San Francisco Giants Should Pursue Mark Mulder If He Lowers Expectations

Mark Mulder

Debby Wong-USA TODAY Sports

While the majority of the San Francisco Giants’ Tuesday was dedicated to officially welcoming new left fielder Michael Morse to the Bay Area, some other interesting news came out when general manager Brian Sabean announced that the team had been in contact with lefthanded pitcher Mark Mulder.

The 36-year old Mulder, who was a two-time All-Star and finished second in the 2001 AL Cy Young voting, spent nine years in the big leagues between the Oakland Athletics and St. Louis Cardinals. While he was dominant during the early 2000s, Mulder dealt with injuries during the latter part of his career and suffered as a result, putting up a 7.75 ERA over the last three seasons of his career. Seeing as he last pitched in 2008 and had a flourishing career as an ESPN analyst, it was pretty surprising when Mulder announced during the Winter Meetings that he would be attempting a comeback for the 2014 season.

Mulder reportedly had a breakthrough with his approach to pitching after watching the 2013 playoffs. He observed the unorthodox stop-and-go delivery of Los Angeles Dodgers lefthander Paco Rodriguez, and as a result was inspired to emulate the delivery himself. He says he feels great after making the changes and is ready to pitch regularly once again.

As of now, the chances of Mulder actually ending up with the Giants are rather slim, as he is reportedly looking for a guaranteed major league contract and likely will want a decent chance at a starting role. Besides the fact that the Giants have already filled out their starting rotation for 2014, they have a bit of a logjam on their 40-man roster, so it would not be intelligent for them to give a spot on that roster to a player who has had injury trouble and has been out of baseball for the past five seasons.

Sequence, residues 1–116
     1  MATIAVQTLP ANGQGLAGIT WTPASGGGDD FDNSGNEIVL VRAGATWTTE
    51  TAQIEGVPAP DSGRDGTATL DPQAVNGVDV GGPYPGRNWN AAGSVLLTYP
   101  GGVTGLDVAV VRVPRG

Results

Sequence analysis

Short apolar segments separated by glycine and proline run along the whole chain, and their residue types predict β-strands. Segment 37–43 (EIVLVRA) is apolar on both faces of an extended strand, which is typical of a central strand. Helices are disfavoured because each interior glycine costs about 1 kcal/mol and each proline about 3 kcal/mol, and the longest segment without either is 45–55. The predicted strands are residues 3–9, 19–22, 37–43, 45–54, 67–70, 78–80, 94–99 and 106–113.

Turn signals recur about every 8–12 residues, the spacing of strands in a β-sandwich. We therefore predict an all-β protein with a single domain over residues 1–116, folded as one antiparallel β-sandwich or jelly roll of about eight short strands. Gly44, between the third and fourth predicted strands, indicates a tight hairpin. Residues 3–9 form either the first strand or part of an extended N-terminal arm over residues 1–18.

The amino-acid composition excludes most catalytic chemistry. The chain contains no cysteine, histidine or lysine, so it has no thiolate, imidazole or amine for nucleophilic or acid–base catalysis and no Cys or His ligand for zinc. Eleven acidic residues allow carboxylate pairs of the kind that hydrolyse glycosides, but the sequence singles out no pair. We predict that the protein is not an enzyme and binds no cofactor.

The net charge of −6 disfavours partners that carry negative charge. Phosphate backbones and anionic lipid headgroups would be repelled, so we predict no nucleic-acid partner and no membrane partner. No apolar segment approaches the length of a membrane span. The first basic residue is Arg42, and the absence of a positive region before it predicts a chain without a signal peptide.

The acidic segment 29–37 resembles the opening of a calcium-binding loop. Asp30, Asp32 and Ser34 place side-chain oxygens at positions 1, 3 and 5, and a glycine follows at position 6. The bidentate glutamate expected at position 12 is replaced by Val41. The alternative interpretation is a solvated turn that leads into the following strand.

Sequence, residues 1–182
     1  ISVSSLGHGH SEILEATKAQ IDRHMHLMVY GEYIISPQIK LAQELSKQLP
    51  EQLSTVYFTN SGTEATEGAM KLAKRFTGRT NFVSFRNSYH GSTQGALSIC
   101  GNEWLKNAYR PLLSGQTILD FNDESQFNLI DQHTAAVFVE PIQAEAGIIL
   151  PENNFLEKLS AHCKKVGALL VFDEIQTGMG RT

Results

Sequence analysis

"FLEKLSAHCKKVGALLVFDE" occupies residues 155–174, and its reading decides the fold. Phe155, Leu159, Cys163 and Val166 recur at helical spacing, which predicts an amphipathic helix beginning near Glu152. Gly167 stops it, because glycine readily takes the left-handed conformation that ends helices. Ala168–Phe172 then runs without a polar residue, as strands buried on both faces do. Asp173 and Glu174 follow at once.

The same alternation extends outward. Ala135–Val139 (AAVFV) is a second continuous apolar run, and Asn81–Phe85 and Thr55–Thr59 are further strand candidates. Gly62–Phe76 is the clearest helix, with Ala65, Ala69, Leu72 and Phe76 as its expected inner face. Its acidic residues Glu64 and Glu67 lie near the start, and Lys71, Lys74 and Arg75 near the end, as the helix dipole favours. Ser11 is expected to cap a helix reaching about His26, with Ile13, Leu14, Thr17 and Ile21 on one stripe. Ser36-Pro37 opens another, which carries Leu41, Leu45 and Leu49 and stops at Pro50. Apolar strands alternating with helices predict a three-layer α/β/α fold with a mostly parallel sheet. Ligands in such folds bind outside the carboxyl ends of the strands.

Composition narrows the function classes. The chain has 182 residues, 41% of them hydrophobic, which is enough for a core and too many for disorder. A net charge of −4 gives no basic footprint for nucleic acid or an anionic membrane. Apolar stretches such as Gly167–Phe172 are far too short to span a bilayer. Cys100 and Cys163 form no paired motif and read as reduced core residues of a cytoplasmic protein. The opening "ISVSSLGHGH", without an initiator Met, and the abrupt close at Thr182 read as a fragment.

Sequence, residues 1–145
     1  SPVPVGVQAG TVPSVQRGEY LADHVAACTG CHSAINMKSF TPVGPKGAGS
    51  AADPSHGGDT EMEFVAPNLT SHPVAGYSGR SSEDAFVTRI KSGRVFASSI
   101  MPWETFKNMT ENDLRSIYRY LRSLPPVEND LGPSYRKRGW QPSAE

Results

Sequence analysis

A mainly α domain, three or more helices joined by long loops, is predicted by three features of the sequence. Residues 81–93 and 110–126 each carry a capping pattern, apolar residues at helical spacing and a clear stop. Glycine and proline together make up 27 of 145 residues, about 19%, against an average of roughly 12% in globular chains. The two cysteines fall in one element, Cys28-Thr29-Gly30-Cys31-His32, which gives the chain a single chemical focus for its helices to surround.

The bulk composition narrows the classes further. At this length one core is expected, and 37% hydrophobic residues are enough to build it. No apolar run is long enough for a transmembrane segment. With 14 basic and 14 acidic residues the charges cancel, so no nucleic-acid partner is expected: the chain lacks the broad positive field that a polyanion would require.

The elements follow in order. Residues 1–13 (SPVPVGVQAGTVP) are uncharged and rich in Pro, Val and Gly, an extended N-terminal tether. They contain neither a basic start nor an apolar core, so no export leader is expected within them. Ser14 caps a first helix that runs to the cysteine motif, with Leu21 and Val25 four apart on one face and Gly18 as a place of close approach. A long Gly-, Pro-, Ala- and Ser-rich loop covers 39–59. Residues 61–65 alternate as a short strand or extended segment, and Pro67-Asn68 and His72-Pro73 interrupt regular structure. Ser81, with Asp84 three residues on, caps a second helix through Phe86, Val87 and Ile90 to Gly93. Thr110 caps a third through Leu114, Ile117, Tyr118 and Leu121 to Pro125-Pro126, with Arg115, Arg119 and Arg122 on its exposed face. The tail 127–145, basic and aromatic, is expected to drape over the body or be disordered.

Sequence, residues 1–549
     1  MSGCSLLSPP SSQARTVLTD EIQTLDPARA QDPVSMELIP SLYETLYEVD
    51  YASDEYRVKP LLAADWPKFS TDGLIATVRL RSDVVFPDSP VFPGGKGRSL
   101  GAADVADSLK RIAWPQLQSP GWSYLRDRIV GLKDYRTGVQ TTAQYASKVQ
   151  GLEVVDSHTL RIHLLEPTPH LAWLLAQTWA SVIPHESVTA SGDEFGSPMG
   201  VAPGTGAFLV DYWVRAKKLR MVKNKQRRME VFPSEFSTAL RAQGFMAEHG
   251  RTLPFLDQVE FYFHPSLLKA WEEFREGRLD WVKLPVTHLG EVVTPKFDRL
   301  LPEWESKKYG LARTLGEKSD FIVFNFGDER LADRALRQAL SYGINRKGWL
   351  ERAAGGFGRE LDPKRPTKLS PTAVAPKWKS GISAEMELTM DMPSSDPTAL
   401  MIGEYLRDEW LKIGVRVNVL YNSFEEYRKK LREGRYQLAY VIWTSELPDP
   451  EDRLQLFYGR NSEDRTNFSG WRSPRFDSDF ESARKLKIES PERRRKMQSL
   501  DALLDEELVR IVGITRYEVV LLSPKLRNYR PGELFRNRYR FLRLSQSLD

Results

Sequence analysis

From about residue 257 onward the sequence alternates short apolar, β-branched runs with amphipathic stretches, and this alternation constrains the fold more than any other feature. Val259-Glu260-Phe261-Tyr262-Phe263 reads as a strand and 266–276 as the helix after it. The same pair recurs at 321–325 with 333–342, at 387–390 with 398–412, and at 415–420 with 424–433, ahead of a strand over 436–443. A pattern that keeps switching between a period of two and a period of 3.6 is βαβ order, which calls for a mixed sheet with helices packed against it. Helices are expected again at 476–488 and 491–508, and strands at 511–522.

With that said, it’s rather difficult to imagine any club giving Mulder a 40-man spot considering his status. Even if he impresses during private workouts, teams likely won’t want to give up a valuable spot on their major league roster to a pitcher who has not been effective in years and has major durability concerns.

One prime piece of evidence with this situation comes with the case of former Giants reliever Brian Wilson, who signed a minor league deal with the Dodgers near the end of 2013. In the two years preceding his second Tommy John surgery, Wilson had put up a 1.81 ERA with a league-leading 48 saves, and a 3.11 ERA with 36 saves, respectively. However, because of the chance of Wilson re-injuring himself, the Dodgers didn’t immediately give him a spot on their big-league roster, instead testing him with a brief minor-league assignment. It would be surprising if things were significantly different with Mulder.

Mulder should by no means be a big priority for San Francisco. However, if he realizes that he’s not going to get a guaranteed major-league opportunity and lowers his expectations, it would make sense for the Giants to consider bringing him in. At least for the Giants, Mulder’s greatest potential probably lies as a reliever, where he would have an easier time preserving his arm and could potentially be effective as a lefty specialist.

After giving up their third lefthanded reliever, Jose Mijares, earlier this offseason, the Giants don’t have any established lefthanded relievers beyond mainstays Javier Lopez and Jeremy Affeldt. While prospects Mike Kickham and Josh Osich both have great velocity and have potential as major-league relievers, neither of them in a proven commodity, and they each had their fair share of struggles during 2013. If Mulder shows intrigue and is willing to go to the minors or at least go to spring training without a 40-man roster spot, it would be a good move for the Giants to have Mulder around for depth, whether it ultimately is as a reliever or a starter.

Patrick Karraker is a San Francisco Giants writer for RantSports.com. Follow him on Twitter @PatrickKarraker, “Like” him on Facebook, or add him to your network on Google.

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